Carolyn McMaster | February 5, 2015
This year’s State of Green Business report is pretty gloomy. As Joel Makower, chief of GreenBiz.com, put it, “It’s discouraging, to say the least.”
Makower, along with his GreenBiz colleague John Davies and TruCost’s Richard Mattison, provided an overview of the report’s findings in a webinar this week. In sum, businesses are doing some things well (and a few are knocking it out of the ballpark), but overall impact is negligible. One bright spot is that in the past year or two there seems to be some “decoupling” of natural capital impacts from business growth—global greenhouse gas intensity (essentially, metric tons of CO2 emitted per dollar of revenue) is going down, even as the economy grows. Total impact, however, is still going up.
It’s also good news that more companies are taking natural capital valuation into account, and some are using “shadow pricing” (setting a cost on resource impacts and carbon) to guide business decisions. These actions lead the report authors’ list of transformations important for a sustainable global economy:
- Applying shadow pricing and natural capital accounting
- Investors demanding more accountability
- Incorporating sustainability factors to enhance business decisions
- Transforming supply chains
- Businesses setting sustainability targets based on science and planetary limits
For most, if not all, of these transformations, clear communications are essential. Numbers and information alone are meaningless. Sustained efforts at fundamental change require a story that motivates everyone involved—a narrative that provides context, shows progress and provides the vision. Such stories enable people to connect the threads, make good decisions and transform the business. They also make reporting, to both internal and external stakeholders, a bit easier. A strong story will enable companies to lead and serve as models that others can follow.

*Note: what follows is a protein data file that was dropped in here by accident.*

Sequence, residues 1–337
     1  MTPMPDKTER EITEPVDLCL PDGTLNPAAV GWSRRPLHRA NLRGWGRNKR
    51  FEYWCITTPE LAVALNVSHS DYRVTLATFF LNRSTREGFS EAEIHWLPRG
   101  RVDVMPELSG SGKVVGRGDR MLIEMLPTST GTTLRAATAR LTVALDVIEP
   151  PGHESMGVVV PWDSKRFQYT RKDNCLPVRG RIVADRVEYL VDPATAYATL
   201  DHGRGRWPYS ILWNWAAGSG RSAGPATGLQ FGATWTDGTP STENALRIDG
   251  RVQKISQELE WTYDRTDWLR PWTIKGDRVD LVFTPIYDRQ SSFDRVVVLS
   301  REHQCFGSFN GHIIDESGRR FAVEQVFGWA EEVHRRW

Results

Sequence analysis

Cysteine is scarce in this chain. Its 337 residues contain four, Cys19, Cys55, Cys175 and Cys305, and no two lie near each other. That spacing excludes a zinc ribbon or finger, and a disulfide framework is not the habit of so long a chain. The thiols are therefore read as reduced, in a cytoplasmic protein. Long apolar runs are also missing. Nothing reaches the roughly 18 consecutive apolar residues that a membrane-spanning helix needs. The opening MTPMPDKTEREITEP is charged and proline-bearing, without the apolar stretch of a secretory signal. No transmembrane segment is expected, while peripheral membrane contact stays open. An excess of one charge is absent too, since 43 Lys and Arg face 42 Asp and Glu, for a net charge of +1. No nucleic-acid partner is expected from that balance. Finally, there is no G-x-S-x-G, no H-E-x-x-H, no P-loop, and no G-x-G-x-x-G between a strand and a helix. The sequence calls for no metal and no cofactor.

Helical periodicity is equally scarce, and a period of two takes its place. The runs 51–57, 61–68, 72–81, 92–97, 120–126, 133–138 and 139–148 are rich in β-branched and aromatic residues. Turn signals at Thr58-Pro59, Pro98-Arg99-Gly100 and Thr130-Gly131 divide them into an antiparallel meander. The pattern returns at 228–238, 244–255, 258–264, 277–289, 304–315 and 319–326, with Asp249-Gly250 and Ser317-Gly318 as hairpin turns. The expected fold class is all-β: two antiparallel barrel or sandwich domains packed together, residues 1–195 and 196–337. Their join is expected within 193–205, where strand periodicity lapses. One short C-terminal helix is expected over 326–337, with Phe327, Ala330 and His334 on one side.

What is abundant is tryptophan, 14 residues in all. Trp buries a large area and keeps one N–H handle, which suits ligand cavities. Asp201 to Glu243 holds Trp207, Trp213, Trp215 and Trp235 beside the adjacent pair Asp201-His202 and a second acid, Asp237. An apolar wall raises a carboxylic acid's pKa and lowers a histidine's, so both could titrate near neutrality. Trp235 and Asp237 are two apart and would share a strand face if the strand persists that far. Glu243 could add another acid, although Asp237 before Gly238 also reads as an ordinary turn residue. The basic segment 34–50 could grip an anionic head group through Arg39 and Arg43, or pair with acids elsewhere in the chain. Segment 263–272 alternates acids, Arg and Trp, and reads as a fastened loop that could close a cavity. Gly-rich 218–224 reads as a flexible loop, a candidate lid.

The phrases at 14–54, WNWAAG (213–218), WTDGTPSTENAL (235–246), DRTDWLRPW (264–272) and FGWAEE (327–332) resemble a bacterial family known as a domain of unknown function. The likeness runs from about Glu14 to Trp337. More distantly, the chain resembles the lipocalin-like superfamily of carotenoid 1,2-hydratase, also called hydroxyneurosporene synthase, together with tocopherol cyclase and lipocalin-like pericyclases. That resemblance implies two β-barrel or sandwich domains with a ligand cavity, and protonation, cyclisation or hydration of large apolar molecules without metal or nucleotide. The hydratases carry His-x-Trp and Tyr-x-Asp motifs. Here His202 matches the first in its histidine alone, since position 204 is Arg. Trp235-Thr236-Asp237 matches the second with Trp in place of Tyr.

That’s not just my opinion. During the webinar’s chat session several participants raised the importance of communications. Here’s a sampling of comments:
Biggest problem seems to be that consumers don’t understand the terms we experts are using. And…to Joel’s point, the biggest eco-benefits are invisible to consumers so they don’t see the value.—Scot Case
Organizations also need a new vision and a new business narrative that excites and engages people, beyond doing less harm…something people can see as a new future for the organization…and for themselves.—Jeana Wirtenberg
I agree that communication is core to affecting change—and that it is the responsibility of the “experts” to find a way to communicate key messages to their customers, communities, supply chains, etc. in a way that is relevant and comprehensible to them.—Nicki Della Porta
[By] bridging the gap between sustainability professionals and others, effective communications helps better understanding.—Andrea Boltz
The report joins the growing chorus that says we need new business models and to question some of our assumptions. It issues tentative calls to action for companies to do more, to make sure their actions make a difference and to lobby for policies and regulations that will help create a more sustainable economy.
Makower details these in his article on the report; he’ll covering these stories to see whether companies step up in these areas. We hope that companies, in turn, will start telling stories that inspire action and allow us all to hold them accountable.